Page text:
Whether it be welding for beginners, a bacon-making class, or learning shibori, there’s something to pique everyone’s interest. Work-Shop’s classes are inspiring, a bit different, and an energising way to spend an evening after work. We checked out two very different workshops at Work-Shop.
Put down your smartphone, get off Facebook, stop watching Netflix. It’s time to do something different with your evening. Enter Work-Shop. Their tagline: ‘Do extraordinary shit’. Spend a few hours taking a class and come out the other side with new skills, new friends, and a new story to tell around the water cooler.
We sampled two of their workshops: Confidence: WTF is it and how do I get it? and Copperplate Calligraphy.
I was a huge calligraphy fan in junior high (and also not the most popular girl in class, if you can believe that). So I was very excited to try my hand – heh – at Copperplate Calligraphy. The old-fashioned technique pairs metal nibs, screwed onto wooden handles, with bottles of ink. Walking into Work-Shop’s spacious Fitzroy warehouse, we found our seats by locating the paper with our name written in beautiful script by teacher Maria Montes. She began by mentioning the history of Copperplate (devised by out-of-work calligraphers once movable type got going). Then she gently led us through the alphabet in a series of letters that were similar to write. We began with ‘i’ and ‘t’ and moved our way up in the world to create full words. I’ll never think of the work ‘minimum’ the same way again.
Copperplate is all about precision and pressure. Trying to dip my nib in ink without it a) splotching, b) getting on my hand, and c.) looking all the same thickness – a big no-no – was challenging. I’d blame my lack of finesse on being left-handed, except the leftie sitting next to me wrote everything beautifully. Maria was an attentive teacher, spending time with each student to see how we were doing. The three hours passed incredibly quickly, and I daresay at moments I experienced that most sought-for of mental spaces: the state of flow. Yes, it was frustrating at times, but at others it was relaxing. And above all, it was wonderful learning a new skill. By the end of class the best students were using fancy gold ink on black paper to create Christmas presents. I might need another three (or 33) hours to get good enough to make a gift for someone, but at least I have Maria’s gorgeous rendition of my name to frame.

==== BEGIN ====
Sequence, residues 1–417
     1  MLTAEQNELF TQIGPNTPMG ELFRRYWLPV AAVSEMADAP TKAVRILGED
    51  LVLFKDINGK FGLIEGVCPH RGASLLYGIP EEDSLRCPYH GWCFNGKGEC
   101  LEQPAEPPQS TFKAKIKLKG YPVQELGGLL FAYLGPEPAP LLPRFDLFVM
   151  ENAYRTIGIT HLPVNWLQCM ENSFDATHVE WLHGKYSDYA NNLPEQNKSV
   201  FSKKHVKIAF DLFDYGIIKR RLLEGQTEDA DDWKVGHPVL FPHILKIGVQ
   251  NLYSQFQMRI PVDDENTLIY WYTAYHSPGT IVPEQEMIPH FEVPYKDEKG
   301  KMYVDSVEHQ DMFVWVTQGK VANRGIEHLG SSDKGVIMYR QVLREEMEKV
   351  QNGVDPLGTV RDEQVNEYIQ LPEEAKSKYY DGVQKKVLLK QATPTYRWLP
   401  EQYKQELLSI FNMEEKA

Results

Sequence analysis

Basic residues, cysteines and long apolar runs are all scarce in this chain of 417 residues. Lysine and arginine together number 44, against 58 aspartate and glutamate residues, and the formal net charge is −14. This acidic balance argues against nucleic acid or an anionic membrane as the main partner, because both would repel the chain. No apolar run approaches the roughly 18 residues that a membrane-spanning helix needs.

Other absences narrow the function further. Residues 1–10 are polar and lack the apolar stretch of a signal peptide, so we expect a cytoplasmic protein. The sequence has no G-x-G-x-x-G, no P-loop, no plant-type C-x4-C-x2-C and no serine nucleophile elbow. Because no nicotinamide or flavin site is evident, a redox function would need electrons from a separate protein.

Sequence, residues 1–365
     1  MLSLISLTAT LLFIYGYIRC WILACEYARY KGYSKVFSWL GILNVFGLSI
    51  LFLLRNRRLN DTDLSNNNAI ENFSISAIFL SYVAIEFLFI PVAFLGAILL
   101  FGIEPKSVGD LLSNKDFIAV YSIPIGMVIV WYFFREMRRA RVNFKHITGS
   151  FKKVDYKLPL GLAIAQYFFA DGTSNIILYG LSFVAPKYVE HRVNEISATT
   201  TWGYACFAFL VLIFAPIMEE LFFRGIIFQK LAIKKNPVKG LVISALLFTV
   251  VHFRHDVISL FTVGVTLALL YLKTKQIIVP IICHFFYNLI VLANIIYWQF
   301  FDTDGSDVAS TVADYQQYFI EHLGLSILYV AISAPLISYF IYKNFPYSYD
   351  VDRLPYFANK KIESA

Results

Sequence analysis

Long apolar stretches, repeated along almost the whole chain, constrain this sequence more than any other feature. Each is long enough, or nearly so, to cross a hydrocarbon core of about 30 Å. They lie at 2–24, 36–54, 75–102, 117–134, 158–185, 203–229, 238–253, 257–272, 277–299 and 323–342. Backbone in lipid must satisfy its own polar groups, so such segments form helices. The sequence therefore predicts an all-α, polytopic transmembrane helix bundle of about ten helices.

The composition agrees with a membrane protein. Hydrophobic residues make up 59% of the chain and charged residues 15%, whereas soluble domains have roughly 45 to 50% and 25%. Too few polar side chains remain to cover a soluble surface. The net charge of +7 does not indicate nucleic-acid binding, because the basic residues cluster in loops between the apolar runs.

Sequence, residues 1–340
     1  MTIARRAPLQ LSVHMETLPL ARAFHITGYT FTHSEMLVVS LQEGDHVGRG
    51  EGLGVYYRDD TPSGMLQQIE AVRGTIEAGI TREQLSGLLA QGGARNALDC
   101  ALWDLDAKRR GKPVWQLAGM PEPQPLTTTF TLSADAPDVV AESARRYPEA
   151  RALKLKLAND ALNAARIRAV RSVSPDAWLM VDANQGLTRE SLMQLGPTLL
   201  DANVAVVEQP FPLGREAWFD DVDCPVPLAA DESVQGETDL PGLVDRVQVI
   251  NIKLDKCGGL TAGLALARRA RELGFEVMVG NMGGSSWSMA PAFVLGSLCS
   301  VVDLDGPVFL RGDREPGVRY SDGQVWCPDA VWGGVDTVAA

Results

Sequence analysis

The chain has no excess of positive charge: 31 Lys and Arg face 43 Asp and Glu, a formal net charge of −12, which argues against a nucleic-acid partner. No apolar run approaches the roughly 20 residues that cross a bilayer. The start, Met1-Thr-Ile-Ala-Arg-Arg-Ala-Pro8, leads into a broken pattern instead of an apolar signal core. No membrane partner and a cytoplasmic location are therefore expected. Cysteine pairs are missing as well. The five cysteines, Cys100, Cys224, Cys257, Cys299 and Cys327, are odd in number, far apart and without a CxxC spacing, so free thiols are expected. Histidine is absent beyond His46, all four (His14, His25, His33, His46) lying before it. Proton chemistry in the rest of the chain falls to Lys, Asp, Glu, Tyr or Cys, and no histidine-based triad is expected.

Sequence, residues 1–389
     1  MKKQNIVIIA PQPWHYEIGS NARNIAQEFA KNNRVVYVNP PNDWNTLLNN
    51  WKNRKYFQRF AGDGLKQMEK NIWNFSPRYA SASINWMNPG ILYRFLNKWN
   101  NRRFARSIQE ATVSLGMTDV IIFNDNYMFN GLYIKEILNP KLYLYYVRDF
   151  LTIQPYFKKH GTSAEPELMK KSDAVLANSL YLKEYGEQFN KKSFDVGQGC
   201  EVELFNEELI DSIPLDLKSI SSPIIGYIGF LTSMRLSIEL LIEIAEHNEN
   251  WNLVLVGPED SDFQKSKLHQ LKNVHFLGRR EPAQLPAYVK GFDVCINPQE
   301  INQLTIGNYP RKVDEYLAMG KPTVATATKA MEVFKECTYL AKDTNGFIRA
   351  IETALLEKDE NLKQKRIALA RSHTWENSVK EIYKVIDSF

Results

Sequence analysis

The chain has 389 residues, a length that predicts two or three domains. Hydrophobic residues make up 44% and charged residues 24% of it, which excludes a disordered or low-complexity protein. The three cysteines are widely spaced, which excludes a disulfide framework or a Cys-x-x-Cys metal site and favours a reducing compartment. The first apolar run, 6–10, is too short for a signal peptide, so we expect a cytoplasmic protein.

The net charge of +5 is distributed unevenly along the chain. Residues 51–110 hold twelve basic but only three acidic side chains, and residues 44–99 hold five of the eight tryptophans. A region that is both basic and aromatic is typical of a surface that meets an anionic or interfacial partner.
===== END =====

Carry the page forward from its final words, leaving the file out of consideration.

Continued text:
Co-founder of The Plus Ones, Theresa loves attending classes and workshops, and even teaches a few herself.
Work-Shop’s warehouse space is well suited to its Fitzroy home. The venue has local art on the walls, a little nook with retro furniture, and plenty of open space for its classes on art, crafts, and life skills. There is a fun variety of short courses on offer ranging from Wine 101 to Nail Art with I Scream Nails.
I attended ‘Confidence: WTF is it and how do I get it?’ – a life skills class with a more theoretical approach. Relatable life coach, Megan Luscombe, views confidence as a state of being and 100% mental. So she focused on ways to adjust our mental state and overcome fears that are keeping us from achieving what we really want in life. Luscombe discussed practical techniques we could use in daily life, such as realistic goal setting and learning to reframe negative thoughts.
Now that I’ve discovered Work-Shop, I’m eager to attend more courses. It looks like soon I’ll able to confidently hold a glass of merlot while showing off my fabulous nail art.
Jenny Schmidt loves learnin’ and life experiences.
Work-Shops classes run for 2-3 hours and cost $50-$90, including all materials.
Book in for one now. The venue is accessible.
Disclosure: The Plus Ones were invited guests of Work-Shop.